Trump responded that while he won't pledge anything, he has "no intention of doing that".
"Trump is a refreshing reminder that the guy that's in the White House is another human being", says Louis Rossetto, the co-founder of Wired and author of the new book Change Is Good: A Story of the Heroic Era of the Internet.
What matters about Trump's first interview in nearly two years on what is by far the largest forum in TV news is the performance.
Stahl replied, "I disagree, but I don't wanna have that fight with you". "People leave. That's Washington". Just a year earlier, Trump had mocked Kim as "Little Rocket Man" while kim returned the insult, calling the president a "mentally deranged USA dotard".
It also reflects a White House headed by a president who is increasingly frustrated with his team, and more willing to follow his own counsel in matters of domestic and foreign policy.
("I don't want to hurt jobs", he explained.) Trump acknowledged that son-in-law Jared Kushner gave Saudi Crown Prince Mohammed bin Salman a ring to personally inquire into the country's possible culpability and even murder of Khashoggi.
Trump said there are still "some people" in his administration that he is "not thrilled with". I will say this.
Stahl sought to stop the attack, saying, "I'm going to change the subject again". Questions about, say, North Korea, tariffs on China, climate change, and NATO were met with long bursts of Trumpian verbiage, spilling out so fast they seemed barely able to be edited. "I have a very good relationship with him", Trump explained.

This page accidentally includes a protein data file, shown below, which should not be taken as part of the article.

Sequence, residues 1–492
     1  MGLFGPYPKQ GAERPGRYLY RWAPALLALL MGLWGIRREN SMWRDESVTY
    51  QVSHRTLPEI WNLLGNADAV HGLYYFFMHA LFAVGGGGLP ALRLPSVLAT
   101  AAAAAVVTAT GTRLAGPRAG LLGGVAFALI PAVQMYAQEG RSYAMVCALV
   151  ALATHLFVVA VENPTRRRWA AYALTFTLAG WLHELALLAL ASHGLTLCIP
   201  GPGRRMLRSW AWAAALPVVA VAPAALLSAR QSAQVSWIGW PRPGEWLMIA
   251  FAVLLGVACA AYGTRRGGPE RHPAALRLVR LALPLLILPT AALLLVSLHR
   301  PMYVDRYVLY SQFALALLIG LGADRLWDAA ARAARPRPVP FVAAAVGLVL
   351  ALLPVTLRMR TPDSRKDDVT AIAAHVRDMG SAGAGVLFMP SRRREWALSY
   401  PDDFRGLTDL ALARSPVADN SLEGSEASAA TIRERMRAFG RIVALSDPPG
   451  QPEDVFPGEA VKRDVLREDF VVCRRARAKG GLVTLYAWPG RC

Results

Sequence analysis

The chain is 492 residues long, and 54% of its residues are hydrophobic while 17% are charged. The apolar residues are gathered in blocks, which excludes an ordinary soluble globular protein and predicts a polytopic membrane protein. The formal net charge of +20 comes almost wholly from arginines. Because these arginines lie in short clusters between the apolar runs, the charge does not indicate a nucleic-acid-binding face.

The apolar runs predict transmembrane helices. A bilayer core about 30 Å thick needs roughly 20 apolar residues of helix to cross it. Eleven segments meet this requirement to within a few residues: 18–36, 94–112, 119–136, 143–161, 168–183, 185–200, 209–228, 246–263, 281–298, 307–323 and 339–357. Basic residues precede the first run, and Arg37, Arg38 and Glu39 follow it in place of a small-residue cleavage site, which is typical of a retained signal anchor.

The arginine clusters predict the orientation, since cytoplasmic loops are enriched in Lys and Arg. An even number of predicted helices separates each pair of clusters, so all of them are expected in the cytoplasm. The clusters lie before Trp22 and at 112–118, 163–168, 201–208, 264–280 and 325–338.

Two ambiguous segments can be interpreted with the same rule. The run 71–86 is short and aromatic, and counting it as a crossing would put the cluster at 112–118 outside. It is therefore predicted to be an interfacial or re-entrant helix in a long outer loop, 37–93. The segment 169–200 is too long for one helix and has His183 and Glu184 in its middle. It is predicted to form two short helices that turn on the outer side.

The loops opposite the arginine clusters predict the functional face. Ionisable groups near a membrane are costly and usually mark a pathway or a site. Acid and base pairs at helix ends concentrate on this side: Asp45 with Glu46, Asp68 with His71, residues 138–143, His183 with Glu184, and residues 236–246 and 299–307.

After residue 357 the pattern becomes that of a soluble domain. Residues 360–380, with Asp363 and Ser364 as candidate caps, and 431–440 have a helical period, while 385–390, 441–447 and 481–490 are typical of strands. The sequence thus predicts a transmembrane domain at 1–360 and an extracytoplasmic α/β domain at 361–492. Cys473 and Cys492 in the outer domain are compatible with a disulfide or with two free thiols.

He said he's entitled to staff shakeups and has "phenomenal" people on standby to come work for his administration.
Stahl has interviewed Trump as a candidate, as president elect and now as president. But I don't know that it's manmade. It was also quite clever in exposing what I am sure many citizens see as the arrogance of the press, with Stahl assuming the right to command a public pledge from the president.
60 Minutes: Do you want him to leave?
Stahl: No, it's like an embrace.
While Trump did not act in an openly hostile way toward Stahl, as he has to other journalists, he rarely let Stahl get out a full question, before jumping in to begin his answer or contradict her, meaning the transcript makes for fairly choppy reading. So he did not "get the job done".
The speculation that Trump and Mattis would eventually be at odds began shortly after the Defense Secretary took the oath of office. "I want them to negotiate a fair deal with us".